Fishing Rituals of Western Coastal Region

Headword

서해안배연신굿 및 대동굿 ( 西海岸- , Seohaean Baeyeonsingut and Daedonggut )

Location of the encyclopedia

Korean Seasonal Customs > January > 1st Lunarmonth > Rites

Writer HaHyogil(河孝吉)
Date of update 2019-01-25

Baeyeonsingut (Kor. 배연신굿) and daedonggut (Kor. 대동굿) are ceremonies held with the purpose of praying for an abundant catch in places along the west coast, such as Ongjin and Yeongpyeong Island. Baeyeonsingut, also known as baetgut (Kor. 뱃굿, lit. boat ritual), is initiated by individual ship-owners while daedonggut is a village festival organized for the entire community. Unlike fishing rites of the southern parts of Korea, which are presided over by a hereditary shaman, the officiants of the western coastal rituals are gangsinmu (Kor. 강신무, Chin. 降神巫), or shamans possessed by the spirits. Baeyeonsingut and daedonggut are characterized by colorful costumes, a variety of elaborate dances, a striking shamanistic trance, and humoristic dramatized elements.

In baeyeonsingut a boatowner initiates the ritual and bears all the costs and responsibilities of the ritual. The crew of the ship helps him with the preparation for the ritual. Two or three days prior to baeyeonsingut, the officiating shaman and boatowner coordinate related activities. The shaman makes floral ornaments to decorate the fishing boat, such as seorihwa (Kor. 서리화) and bongjuk (Kor. 봉죽), and prepares ritualistic instruments for the ceremony. At this time the shipowner undertakes a series of purification acts such as bathing in seawater and sleeping onboard his boat. A banner known as janggungi (Kor. 장군기) is hoisted outside the gate of the boatowner’s house with pine branches hung on the gate and at the ends of the roof’s eaves. The rite occurs on the deck of the boat against the backdrop of the maji (Kor. 마지, lit. painting of shamanistic god) and an altar filled with sacrificial gifts. The boat is decorated with brilliantly-colored flags such as hoseonanggi (Kor. 호서낭기), the flag of General Im Gyeong-eop and other maritime banners.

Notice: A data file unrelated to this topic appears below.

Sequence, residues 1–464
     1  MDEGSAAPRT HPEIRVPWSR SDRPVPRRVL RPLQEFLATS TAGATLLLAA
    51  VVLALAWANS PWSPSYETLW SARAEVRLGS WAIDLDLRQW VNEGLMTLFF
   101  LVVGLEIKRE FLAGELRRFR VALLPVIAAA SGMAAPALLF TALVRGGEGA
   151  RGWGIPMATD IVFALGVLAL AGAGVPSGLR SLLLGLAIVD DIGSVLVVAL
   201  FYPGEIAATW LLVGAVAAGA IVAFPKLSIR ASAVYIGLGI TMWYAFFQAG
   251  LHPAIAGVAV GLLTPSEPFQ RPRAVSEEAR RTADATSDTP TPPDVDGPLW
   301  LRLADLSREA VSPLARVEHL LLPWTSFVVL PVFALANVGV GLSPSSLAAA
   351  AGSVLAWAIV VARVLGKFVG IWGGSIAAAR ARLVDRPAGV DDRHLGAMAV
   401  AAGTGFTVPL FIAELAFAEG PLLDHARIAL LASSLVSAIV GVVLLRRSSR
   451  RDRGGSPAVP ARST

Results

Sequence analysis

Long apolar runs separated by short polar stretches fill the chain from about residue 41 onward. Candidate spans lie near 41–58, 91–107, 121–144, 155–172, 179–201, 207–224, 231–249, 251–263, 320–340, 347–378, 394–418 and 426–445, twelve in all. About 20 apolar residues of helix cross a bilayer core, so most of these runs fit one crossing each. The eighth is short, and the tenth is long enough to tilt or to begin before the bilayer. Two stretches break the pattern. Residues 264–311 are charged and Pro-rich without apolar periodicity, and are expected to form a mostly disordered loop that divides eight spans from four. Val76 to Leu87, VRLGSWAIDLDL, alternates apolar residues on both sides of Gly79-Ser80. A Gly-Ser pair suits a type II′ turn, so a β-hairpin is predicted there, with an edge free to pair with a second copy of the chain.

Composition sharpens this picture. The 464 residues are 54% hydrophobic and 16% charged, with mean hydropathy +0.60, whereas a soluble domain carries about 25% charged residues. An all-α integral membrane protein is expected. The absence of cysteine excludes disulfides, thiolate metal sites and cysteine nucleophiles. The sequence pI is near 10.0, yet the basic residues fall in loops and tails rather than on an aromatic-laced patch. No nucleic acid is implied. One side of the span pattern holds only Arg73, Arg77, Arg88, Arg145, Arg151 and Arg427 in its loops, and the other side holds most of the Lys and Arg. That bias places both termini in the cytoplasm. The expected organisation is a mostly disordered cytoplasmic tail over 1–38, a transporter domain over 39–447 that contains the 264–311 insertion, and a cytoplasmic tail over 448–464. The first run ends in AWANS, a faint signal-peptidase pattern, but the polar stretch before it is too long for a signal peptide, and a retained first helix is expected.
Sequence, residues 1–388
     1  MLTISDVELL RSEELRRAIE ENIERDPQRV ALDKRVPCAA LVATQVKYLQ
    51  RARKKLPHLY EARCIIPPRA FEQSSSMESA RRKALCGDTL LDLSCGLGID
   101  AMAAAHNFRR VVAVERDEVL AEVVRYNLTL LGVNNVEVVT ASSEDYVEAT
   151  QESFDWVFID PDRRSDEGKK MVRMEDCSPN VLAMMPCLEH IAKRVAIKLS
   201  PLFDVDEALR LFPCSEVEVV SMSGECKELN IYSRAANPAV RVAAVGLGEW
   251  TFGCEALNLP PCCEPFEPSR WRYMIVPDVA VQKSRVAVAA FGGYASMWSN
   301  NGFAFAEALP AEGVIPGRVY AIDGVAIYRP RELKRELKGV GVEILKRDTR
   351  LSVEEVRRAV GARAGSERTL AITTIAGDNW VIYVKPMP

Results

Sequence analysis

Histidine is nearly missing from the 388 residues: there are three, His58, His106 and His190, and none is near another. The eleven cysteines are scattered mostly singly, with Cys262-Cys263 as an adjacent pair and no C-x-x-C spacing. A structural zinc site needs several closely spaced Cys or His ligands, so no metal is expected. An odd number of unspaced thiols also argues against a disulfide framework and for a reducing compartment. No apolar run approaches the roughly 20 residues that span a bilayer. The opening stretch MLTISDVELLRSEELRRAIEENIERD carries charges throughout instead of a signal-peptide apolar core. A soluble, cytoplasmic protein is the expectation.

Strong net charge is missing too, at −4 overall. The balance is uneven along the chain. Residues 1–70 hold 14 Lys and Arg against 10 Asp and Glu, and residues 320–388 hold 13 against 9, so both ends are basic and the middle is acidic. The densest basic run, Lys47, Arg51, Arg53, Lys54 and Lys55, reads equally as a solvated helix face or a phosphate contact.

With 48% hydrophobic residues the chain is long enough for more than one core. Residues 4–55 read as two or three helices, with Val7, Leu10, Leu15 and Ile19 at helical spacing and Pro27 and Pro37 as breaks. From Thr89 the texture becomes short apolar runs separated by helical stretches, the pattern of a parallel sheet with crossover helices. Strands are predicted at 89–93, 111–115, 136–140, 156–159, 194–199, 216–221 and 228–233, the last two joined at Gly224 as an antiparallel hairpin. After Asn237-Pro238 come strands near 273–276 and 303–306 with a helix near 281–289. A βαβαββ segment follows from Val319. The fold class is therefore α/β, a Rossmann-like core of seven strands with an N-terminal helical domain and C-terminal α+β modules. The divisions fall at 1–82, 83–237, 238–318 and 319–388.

Daedonggut is a characteristic of the Haeju and Ongjin areas on the west coast. As it is a community rite, the officiants are selected at a village meeting, the costs are shared by all members, and everyone is responsible for a portion of the preparation, organization and actual proceedings of the ritual. The ritual takes place in three different venues across the village. First, the ceremony known as danggut (Kor. 당굿) is held on the village’s guardian mountain, and then segyeonggut (Kor. 세경굿) is performed inside the village. Finally, the ceremony called gangbyeon yongsingut (Kor. 강변용신굿) is organized at the seashore. The venue for the danggut part of the ritual is usually a building with a gambrel or hipped-and-gabled roof, near a dangsup (Kor. 당숲, a forest where the village guardian deity is believed to reside) and at the highest point of a hill near the sea. During the village meeting on the third of the first lunar month, local dignitaries and boat owners decide together on an auspicious date to host the ritual and select the officiant and ceremonial assistants. The village may invite a different shaman each year, a choice often based on the recommendation of the boat owners.